Those are exactly the kind of questions that we're going to be asking in our joint Senate-House Intelligence Committee investigations. We've got a professional group of two dozen intelligence officers, lawyers, accountants, who are combing through thousands of pages of records and witnesses.
We're going to do this on a bipartisan, very professional basis. We need the full cooperation of the administration.
We've had some problems. In fact, Senator Shelby and I are going to be meeting on Tuesday with Attorney General John Ashcroft in order to see that the Department of Justice becomes fully cooperative in our needs to carry out the investigation that the American people expect us to do.
ROBERTS: Senator Shelby, Dr. Rice said just a little while ago that she believed that the Intelligence Committee was the appropriate place to be investigating all of this. But there has been some call for striking a blue-ribbon panel, an independent commission, to look at this. Would you support that?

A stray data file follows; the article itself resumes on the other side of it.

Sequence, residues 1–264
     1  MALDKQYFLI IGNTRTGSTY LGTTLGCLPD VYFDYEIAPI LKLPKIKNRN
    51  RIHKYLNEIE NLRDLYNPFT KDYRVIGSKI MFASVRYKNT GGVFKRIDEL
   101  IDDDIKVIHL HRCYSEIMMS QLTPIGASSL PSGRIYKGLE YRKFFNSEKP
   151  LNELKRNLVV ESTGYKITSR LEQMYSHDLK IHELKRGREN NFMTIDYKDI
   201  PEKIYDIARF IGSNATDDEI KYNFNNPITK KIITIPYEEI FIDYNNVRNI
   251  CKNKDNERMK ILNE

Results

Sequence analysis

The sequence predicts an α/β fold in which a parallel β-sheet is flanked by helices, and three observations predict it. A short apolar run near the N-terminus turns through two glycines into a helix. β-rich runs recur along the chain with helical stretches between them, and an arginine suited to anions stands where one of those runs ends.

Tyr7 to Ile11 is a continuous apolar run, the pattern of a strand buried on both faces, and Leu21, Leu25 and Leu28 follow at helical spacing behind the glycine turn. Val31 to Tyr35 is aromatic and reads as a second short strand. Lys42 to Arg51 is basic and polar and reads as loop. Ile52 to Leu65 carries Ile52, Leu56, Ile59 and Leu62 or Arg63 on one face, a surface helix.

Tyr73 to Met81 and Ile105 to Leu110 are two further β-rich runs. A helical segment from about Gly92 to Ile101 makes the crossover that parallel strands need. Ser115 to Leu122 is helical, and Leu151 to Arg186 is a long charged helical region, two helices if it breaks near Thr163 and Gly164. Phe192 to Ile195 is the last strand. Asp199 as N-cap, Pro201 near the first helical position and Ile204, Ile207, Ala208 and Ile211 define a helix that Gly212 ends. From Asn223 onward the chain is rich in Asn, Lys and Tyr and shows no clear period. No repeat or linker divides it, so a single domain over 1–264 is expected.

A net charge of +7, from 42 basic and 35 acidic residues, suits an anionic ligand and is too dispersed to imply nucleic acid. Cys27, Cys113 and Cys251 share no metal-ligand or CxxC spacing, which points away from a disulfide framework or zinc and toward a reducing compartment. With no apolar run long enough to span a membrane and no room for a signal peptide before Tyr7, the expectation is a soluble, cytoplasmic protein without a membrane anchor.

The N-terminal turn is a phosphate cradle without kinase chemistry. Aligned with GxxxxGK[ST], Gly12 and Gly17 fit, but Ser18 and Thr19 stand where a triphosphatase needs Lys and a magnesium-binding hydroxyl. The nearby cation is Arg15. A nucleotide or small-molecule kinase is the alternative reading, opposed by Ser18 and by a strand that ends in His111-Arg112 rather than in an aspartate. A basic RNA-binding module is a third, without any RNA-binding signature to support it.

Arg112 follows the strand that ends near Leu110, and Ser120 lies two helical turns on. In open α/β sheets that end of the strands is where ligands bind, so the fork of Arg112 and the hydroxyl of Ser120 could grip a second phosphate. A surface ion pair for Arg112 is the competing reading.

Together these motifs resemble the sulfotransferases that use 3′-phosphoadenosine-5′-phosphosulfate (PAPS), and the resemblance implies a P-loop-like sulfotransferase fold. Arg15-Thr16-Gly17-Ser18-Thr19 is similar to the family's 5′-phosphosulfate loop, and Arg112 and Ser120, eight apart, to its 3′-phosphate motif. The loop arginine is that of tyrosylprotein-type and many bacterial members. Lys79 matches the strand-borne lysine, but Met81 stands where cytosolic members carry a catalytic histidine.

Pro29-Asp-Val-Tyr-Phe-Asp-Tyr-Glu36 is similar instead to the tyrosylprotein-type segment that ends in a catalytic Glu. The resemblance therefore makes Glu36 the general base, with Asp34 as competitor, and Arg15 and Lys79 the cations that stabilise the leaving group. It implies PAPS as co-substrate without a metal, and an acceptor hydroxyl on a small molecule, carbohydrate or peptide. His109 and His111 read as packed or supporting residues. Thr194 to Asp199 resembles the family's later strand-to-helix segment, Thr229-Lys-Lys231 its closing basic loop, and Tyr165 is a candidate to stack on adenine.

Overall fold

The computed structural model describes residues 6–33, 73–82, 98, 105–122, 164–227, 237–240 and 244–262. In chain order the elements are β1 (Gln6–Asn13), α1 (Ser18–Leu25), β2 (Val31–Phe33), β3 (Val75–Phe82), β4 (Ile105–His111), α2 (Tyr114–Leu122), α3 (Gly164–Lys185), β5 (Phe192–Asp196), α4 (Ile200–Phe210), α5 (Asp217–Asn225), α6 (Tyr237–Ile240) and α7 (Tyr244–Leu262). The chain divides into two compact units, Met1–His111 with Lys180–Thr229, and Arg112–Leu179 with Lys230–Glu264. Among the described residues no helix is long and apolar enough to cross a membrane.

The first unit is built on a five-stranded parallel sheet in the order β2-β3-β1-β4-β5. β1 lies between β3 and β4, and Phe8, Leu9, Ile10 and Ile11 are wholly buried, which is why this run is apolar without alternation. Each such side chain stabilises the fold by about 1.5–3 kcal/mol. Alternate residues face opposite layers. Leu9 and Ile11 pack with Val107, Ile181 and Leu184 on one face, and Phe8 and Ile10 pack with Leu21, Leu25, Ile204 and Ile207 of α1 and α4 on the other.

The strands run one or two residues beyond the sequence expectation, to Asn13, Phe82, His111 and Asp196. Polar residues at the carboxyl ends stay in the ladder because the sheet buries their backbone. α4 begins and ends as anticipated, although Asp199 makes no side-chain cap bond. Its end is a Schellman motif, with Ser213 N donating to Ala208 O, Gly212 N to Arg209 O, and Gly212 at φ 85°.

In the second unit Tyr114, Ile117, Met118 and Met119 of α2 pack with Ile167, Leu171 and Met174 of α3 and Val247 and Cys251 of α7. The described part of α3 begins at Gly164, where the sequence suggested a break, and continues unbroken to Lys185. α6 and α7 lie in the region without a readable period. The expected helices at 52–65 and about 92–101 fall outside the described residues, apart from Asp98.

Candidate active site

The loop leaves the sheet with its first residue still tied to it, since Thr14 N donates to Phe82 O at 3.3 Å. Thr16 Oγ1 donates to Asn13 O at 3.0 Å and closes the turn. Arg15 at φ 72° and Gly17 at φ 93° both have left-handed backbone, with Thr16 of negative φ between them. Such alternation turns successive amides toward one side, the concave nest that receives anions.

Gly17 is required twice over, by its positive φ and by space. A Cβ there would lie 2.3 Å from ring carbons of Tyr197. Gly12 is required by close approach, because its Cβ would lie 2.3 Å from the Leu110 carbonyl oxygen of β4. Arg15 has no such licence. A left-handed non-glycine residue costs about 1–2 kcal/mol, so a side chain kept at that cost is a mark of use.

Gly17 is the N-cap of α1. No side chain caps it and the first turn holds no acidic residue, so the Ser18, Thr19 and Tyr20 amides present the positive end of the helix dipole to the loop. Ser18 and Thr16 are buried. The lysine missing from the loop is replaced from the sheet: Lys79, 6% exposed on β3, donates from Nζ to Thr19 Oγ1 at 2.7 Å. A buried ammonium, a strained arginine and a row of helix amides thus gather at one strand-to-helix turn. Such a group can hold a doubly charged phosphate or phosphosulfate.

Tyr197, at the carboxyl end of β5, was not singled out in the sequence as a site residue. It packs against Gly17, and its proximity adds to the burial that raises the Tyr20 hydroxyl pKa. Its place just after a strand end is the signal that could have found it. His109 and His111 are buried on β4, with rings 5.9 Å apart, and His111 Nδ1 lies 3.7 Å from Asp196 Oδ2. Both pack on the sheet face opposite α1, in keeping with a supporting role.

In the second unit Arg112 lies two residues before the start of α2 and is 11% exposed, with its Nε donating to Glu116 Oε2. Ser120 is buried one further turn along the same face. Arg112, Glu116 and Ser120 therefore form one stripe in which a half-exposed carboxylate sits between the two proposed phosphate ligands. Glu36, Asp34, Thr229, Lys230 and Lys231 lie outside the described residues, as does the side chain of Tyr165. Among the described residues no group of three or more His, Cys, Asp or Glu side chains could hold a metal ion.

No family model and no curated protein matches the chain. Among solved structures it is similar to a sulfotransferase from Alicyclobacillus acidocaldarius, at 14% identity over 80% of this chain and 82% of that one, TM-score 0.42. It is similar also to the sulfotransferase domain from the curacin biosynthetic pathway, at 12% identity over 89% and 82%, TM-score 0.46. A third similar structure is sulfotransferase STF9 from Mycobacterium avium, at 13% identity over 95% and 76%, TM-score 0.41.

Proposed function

SHELBY: I wouldn't support it at this juncture. If the administration cooperates with us, I agree with Senator Graham that we can do a tremendous job, a credible job, a thorough job, and we are the committees to do it.
I do want to say one thing, John. You know, it's been said recently, what did the president know, to use the phrase, and when did he know it? I don't believe that's the question. The question that I would pose is, why didn't the president know these things? And I'll tell you what he didn't know -- he didn't know a lot of things because the FBI and the CIA and other people have not done their job, at least not shared information, not done it properly.
ROBERTS: Senator Graham, the president the other day, when he was up on Capitol Hill, said that all of this had the sniff of politics about it.
Is that a fair statement?